Today, this march has come to represent a time for remembering, grieving, honouring, and seeking answers for Indigenous communities and their allies across Canada. This march is a time to stand in solidarity with the families whose loved ones have gone missing and been murdered from Vancouver Island and beyond.

According to the Native Women’s Association of Canada’s 2010 report, there are more than 600 missing and murdered Indigenous women in Canada. Of these deaths, nearly half of the murder cases remain unsolved.

Rates of violence against Indigenous women are highest in British Columbia with 28 per cent of the cases of missing and murdered women occurring here.

This is a memorial march. People are invited to wear red, or regalia, and to bring drums. The Memorial March organizers stand in solidarity and friendship with the Idle No More movement and call on our brothers, sisters, and supporters across the globe to make the sacredness of the lives of Indigenous women and girls a priority.

Violence against Indigenous women implicates all people who make home in today’s “Canada.” This year, let us walk to honour those who are missing and murdered, and say that today, this violence must stop with us.

Thursday, February 14, 2013

Deadline for Expressions of Interest has now been extended to Wednesday, February 27, 2013

Request for Expressions of Interest from BC Aboriginal Organizations

to Host an Aboriginal Youth Intern for Summer 2013

Greetings from the BC Public Service Agency's

Aboriginal Youth Internship Program

The Aboriginal Youth Internship Program is seekingExpressions of Interest fromBC Aboriginal Organizationsthat can provide supportive, educational and meaningful work placements for Aboriginal Youth Interns for a 3 month period (June 3 – August 30, 2013). The Intern’s salary is paid by the provincial government during their work placement in the selected BC Aboriginal Organizations.

Aboriginal Youth Interns have a wide variety of skills and abilities that will benefit Aboriginal Organizations, including:

  • youth engagement practices;
  • project management;
  • research;
  • conference and event coordination;
  • policy analysis and development;
  • strategic planning;
  • communications;
  • website and manual development;
  • community liaison; and,
  • other specific skill sets based on education and experience.

In addition, Aboriginal Youth Interns bring valuable knowledge of provincial government programs and processes based on their 9 month placements in Ministries across government which will be of benefit to Aboriginal organizations.  The placements in Aboriginal Organizations can bespecial organizational roles that involvework on specific projects or programs, job shadowing opportunities,meeting, conference, and event coordination/attendance, other developmental opportunitiesor a combination of these.  Interns are seeking structured placements that offer interesting opportunities to assist, learn, and grow as emerging professionals and leaders.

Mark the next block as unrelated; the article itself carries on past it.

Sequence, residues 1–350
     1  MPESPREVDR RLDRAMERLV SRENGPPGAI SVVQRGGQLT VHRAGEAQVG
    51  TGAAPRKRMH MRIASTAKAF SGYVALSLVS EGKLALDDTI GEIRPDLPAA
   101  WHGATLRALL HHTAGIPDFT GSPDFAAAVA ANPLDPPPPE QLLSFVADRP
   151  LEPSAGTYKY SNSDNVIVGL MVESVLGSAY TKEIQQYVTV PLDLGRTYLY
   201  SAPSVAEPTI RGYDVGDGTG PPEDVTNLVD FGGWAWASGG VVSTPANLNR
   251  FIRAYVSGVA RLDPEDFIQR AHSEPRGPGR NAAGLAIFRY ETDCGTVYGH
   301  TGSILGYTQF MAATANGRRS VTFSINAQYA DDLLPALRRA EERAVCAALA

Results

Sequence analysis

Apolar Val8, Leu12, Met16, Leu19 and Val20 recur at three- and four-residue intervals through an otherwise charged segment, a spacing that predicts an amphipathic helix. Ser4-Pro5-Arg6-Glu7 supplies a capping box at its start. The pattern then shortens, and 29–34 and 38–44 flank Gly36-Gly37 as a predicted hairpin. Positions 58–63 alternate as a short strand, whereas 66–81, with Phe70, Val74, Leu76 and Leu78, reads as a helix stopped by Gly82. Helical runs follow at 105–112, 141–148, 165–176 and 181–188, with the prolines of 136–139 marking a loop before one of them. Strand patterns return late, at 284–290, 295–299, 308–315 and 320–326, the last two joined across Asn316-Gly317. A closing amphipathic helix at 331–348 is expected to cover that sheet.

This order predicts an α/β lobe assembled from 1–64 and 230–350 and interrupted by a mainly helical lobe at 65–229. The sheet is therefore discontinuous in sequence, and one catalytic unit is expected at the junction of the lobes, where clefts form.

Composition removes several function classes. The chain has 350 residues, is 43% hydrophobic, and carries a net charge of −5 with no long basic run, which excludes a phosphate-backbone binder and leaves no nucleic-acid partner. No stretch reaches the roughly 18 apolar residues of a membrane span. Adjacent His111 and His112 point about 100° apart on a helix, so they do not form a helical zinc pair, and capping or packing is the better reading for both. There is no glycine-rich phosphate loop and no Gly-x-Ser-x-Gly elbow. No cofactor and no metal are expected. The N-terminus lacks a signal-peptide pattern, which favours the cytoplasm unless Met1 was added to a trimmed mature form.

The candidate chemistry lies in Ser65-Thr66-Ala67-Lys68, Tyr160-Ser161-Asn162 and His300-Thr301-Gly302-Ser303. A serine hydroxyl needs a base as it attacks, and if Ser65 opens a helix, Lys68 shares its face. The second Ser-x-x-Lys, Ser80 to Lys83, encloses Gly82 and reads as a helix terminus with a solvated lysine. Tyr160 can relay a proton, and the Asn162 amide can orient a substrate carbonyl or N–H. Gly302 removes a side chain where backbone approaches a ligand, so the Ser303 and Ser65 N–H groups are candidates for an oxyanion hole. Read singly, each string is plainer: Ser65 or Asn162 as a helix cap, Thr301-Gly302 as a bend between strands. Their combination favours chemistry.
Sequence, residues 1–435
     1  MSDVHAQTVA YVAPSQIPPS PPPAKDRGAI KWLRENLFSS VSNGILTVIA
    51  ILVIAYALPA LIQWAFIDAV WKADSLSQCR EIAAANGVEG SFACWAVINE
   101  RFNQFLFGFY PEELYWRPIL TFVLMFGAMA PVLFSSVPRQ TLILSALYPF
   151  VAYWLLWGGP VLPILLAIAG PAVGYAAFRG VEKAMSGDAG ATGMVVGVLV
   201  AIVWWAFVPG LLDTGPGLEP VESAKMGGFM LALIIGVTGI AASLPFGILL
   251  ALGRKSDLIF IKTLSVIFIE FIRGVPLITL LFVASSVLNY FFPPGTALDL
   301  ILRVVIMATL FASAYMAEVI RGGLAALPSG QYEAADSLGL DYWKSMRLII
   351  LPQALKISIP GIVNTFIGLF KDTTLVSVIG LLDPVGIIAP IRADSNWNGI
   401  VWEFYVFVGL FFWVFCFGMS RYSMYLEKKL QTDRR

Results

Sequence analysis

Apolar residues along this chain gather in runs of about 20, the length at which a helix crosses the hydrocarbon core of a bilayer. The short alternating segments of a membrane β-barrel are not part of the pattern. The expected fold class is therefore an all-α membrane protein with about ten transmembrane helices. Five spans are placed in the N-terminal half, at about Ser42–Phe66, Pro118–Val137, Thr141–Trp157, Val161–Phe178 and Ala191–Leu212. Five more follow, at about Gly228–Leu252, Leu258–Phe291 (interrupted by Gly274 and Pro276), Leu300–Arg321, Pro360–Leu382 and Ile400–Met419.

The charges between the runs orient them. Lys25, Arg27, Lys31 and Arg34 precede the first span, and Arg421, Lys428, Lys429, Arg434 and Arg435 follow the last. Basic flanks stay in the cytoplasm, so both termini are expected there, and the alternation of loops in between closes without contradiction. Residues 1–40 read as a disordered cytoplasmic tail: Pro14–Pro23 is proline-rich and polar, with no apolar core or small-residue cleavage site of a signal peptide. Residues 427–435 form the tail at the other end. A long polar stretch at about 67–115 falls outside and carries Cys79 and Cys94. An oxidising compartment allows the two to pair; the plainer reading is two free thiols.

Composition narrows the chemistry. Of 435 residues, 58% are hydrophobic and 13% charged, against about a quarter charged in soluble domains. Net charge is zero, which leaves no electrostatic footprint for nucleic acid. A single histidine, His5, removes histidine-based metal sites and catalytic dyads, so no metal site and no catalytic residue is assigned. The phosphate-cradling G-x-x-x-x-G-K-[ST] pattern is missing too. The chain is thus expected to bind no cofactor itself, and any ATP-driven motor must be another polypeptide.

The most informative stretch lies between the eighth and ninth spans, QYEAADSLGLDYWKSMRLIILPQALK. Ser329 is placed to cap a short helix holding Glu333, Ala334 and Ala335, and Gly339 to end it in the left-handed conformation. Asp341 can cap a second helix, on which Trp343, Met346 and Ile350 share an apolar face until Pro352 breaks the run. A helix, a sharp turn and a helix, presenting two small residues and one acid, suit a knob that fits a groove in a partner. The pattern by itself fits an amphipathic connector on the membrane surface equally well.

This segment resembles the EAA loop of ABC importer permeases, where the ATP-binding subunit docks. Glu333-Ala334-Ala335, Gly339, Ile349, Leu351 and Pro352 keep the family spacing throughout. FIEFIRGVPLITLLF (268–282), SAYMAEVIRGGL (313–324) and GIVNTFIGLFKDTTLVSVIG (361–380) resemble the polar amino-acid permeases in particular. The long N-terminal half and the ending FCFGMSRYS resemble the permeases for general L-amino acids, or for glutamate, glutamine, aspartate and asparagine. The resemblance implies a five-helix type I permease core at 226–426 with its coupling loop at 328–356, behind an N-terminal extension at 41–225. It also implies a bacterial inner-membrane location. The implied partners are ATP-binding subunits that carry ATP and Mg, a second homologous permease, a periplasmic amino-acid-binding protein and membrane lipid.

If your Aboriginal organization is interested in hosting an Aboriginal Youth Intern this summer, please complete theExpression of Interest 2013 template, and submit it by the deadline of February 22, 2013. All organizations that submit Expressions of Interest will be informed of the outcome by mid-April, 2013.  Selected organizations will be matched with a qualified Aboriginal Youth Intern whose interests, goals, experience and qualifications best match theinternshippositions available.


Important Dates for Aboriginal Organization Placements

Deadline for Expressions of Interest:February 22, 2013

Advisory Committee Meeting to Review EOIs:  Mid-March 2013

Aboriginal Organizations Informed of Outcome:Mid-April 2013

Internship Placement Begins: June 3, 2013

Internships Placement Ends:August 30, 2013

Submitting form by Email

Please submit the completed Expression of Interest 2013template by EMAIL to Program Administrator, Aboriginal Youth Internship Programno later than February 27, 2013.

EMAIL:          Attention:  Amanda Horncastle at ayip.administrator@gov.bc.ca

PHONE:         250-387-0460

CELL:           250-217-1700

FAX:               250-387-0749

For more program information, please see our program websitehttp://employment.gov.bc.ca/?p=Aboriginal_Youth_Internship_Programor contact:

  • Stephanie Papik,  Program Lead at 250 387-7288
  • Bradley Dick, Program Coordinator at 250-507-7405

Thank you for your support of this important program for Aboriginal Youth in BC!


Stephanie Papik, BSc. (Hon), Program Lead - Aboriginal Youth Internship Program

The Learning Centre |Talent Management Division | BC Public Service Agency

Fourth Floor, 716 Courtney Street |  Victoria BC | V8W 1C2

Office: 250-387-7288 | Blackberry: 250-217-8235